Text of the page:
Using observations from the international Cassini spacecraft, scientists have explored the ring-like mounds that wrap around some of the pools found at the poles of Saturn’s largest moon, Titan. The study reveals more about how these features formed.
The NASA/ESA/ASI Cassini-Huygens mission spent 13 years in the Saturnian system, with the Cassini spacecraft carrying ESA’s Huygens probe, which landed on the icy moon in 2005. During Cassini’s tour of Saturn and its moons, it made more than 100 flybys of Titan, revealing around 650 lakes and seas in the polar regions of Titan – 300 of which are at least partially filled with a liquid mix of methane and ethane.
Most of Titan’s smaller lakes are characterised as sharp-edged depressions, either empty or full, with relatively flat floors, depths of up to 600 metres (1970 feet), and steep, narrow outer rims roughly one kilometre (0.6 miles) in width.
Some lakes, however, are surrounded by ramparts: ring-shaped mounds that extend for tens of kilometres from a lake’s shoreline. Unlike rims, these ramparts totally enclose their host lake.
“The formation of Titan’s lakes, and their surrounding features, remains an open question,” says Anezina Solomonidou, an ESA research fellow at the European Space Astronomy Centre (ESAC) near Madrid, Spain, and lead author of a new study into Titan’s ramparts.
“Ramparts may hold important clues about how the lake-filled polar regions of Titan became what we see today. Previous research revealed their existence, but how did they form?”
Solomonidou and her collaborators combined spectral and radar data from Cassini for the first time to explore five regions near Titan’s north pole with filled lakes and raised ramparts, and three empty lakes from a nearby region. The lakes ranged from 30 to 670 square kilometre (11 to 260 square mile) in size, and were entirely surrounded by 200 to 300 metre (660 to 980 feet)-high ramparts that sprawled outwards from the lake perimeters for up to 30 kilometres (19 miles).
The observations were gathered by Cassini over the years during Titan flybys with the Visual and Infrared Mapping Spectrometer (VIMS), which probes the top layer of the surface (tens of μm), and with the RADAR instrument, which can penetrate further, down to tens of centimetres, depending on the properties of the surface material. The latter was used in both its radiometry mode and using its Synthetic Aperture Radar (SAR) Imager.
“The spectral data showed that ramparts have a different composition with respect to their surroundings,” adds Solomonidou.
“The floors of empty lakes we studied also seem to be spectrally similar to the ramparts, suggesting that both empty basins and ramparts may be made from, or coated with, similar material, and may thus have formed in a similar way.”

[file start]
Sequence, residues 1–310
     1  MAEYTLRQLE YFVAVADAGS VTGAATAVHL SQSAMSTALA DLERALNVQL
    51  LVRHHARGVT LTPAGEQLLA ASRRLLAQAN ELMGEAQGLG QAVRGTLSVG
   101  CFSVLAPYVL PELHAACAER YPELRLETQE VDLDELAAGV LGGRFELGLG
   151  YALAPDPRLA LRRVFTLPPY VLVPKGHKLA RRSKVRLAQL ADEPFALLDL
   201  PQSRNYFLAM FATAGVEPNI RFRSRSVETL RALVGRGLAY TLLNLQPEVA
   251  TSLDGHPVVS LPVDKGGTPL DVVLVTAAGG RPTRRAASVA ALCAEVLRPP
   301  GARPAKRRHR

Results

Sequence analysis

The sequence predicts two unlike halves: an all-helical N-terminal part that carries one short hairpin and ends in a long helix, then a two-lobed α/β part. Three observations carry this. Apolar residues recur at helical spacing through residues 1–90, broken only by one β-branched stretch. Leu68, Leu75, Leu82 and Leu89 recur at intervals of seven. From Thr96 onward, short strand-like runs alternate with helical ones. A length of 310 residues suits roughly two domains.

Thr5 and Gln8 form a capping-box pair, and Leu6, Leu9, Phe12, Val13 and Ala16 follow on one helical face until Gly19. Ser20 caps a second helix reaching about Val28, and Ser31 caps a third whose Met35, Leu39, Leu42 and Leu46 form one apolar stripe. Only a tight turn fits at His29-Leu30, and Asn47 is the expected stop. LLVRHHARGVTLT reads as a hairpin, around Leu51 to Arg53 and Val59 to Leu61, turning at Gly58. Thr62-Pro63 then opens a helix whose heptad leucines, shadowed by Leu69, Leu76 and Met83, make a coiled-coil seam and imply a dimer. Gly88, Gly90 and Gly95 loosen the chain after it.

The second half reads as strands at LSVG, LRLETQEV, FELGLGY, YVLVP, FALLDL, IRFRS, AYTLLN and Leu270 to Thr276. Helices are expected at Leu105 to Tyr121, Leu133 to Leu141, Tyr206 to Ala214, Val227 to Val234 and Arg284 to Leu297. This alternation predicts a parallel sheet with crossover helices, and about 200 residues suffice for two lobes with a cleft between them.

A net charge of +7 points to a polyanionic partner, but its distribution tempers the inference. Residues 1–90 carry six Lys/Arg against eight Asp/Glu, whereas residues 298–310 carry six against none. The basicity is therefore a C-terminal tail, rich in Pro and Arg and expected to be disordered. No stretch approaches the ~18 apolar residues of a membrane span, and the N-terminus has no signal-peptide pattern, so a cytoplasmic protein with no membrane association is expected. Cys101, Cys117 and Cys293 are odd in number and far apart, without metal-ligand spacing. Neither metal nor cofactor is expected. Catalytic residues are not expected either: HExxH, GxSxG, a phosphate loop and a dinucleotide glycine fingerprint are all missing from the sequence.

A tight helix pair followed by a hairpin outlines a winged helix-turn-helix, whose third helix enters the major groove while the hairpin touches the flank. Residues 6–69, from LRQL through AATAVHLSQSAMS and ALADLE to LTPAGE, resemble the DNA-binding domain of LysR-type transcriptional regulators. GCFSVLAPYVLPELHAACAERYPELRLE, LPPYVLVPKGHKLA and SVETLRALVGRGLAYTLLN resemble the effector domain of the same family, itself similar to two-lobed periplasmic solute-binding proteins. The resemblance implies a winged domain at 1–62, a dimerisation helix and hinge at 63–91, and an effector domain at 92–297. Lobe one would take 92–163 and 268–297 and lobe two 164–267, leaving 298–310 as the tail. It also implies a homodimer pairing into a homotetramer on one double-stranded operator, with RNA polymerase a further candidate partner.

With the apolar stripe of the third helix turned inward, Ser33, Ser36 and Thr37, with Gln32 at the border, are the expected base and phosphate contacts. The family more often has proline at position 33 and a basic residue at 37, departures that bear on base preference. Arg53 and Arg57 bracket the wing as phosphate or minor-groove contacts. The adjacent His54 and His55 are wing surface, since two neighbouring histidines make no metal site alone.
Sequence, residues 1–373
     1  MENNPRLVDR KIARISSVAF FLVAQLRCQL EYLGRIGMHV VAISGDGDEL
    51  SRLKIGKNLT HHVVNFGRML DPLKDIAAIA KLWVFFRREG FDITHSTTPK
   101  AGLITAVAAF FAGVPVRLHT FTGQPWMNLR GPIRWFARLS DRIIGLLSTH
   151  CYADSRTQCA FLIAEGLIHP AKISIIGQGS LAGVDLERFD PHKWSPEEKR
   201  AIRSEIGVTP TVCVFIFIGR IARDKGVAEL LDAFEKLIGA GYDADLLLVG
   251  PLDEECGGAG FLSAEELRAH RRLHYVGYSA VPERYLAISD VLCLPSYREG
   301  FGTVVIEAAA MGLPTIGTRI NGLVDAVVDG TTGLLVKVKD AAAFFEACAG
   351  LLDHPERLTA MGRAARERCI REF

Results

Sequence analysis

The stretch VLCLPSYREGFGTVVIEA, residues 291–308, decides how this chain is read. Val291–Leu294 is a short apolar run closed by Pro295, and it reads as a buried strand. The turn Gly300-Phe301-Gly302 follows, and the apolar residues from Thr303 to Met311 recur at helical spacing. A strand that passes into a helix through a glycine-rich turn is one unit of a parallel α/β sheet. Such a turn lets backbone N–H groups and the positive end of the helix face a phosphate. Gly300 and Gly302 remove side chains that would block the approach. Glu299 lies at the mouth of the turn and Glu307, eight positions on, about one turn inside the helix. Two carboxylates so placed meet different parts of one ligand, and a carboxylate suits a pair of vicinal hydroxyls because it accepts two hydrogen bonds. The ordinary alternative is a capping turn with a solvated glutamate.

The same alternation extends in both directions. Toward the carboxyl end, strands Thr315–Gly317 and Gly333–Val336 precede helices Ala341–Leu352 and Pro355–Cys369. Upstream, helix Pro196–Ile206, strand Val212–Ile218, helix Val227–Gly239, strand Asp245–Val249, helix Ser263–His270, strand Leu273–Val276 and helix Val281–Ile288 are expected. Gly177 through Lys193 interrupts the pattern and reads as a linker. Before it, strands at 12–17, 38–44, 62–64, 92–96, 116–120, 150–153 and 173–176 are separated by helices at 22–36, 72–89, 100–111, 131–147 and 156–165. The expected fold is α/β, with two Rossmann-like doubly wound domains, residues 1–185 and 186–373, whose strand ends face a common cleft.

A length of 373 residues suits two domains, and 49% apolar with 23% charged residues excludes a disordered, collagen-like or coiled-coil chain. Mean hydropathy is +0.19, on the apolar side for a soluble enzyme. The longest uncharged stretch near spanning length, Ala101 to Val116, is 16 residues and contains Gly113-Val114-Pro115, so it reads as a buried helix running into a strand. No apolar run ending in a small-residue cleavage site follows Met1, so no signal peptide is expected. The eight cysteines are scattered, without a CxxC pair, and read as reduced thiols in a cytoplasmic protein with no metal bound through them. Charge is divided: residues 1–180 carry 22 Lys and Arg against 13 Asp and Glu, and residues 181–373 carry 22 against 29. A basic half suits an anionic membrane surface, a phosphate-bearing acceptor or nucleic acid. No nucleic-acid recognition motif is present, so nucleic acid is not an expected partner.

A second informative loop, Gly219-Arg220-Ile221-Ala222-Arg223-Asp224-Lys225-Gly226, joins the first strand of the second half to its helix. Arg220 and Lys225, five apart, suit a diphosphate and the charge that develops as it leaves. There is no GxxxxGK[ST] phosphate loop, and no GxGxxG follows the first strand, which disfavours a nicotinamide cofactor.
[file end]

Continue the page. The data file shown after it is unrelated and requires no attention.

The emissivity of the ramparts, as examined by co-author Alice Le Gall of UVSQ’s LATMOS laboratory in Paris, France, was also similar to that of another important and widespread feature seen on Titan, which scientists refer to as labyrinth terrain. A maze-like landscape scored with different channels formed by fluvial erosion over time, labyrinth terrain is suspected to be rich in organics, rather than made of water ice. The observed similarity suggests that ramparts may be rich in organics, too.
“Ramparts are also consistently complete: while rims and other features have been worn away and broken up over time, ramparts always completely encircle their lake,” adds Le Gall. “This helps us to constrain the scenarios of how they might have formed.”
The new study suggests two possible mechanisms in which such ramparts may be created: either a process involving a subsurface that is saturated with groundwater, given the differences in elevation between the empty lake floors and the filled lakes, or one in which the basin of and crust surrounding a lake first harden and then deflate, leading the lake to percolate down into the subsurface, and leaving a region of the lake basin protruding above the surrounding terrain to form a rampart.
The observed completeness of the ramparts brings further insight when compared to the more broken-down basin rims. If rims are made of weaker material than ramparts, then the ramparts must be comparatively old to appear as they do. In this scenario, a lake would form, followed by a rampart, and then a rim, which is unable to stand up to erosion due to its weaker composition.
However, if rims and ramparts are made of the same material, then ramparts may be comparatively young: a basin would form, with residual material drawn into rims and then subsequently into larger ramparts. This latter scenario would imply that rampart-bounded lakes are among the youngest on Titan, as they have not yet seen their rampart eroded and removed.
“It’s difficult to narrow down the exact mechanism for how these ramparts form, but with more research comes an increasing understanding of intriguing bodies such as Titan,” adds Solomonidou.
“The analysis of Cassini data of Saturn’s icy moons, in particular when combining data from multiple instruments, is highly relevant to prepare the JUICE mission that will explore Jupiter’s icy moons,” says co-author Olivier Witasse, who is also project scientist for ESA’s JUICE mission.
“Even if Titan is exceptional, with lakes and rains that are not found in Jupiter’s moons, knowing more about Titan adds a lot to our understanding of the Solar System’s icy moons collectively.”
Future missions will further investigate the outer Solar System – JUICE, for example, will launch in 2022 and head off to explore the Jupiter system, while NASA is planning to send another mission, Dragonfly, specifically to Titan in the mid-to-late 2020s. With next-generation spacecraft set to reveal more about the icy moons around the giant planets in our Solar System, scientists are looking forward to unlocking the secrets of how these fascinating objects formed and evolved.
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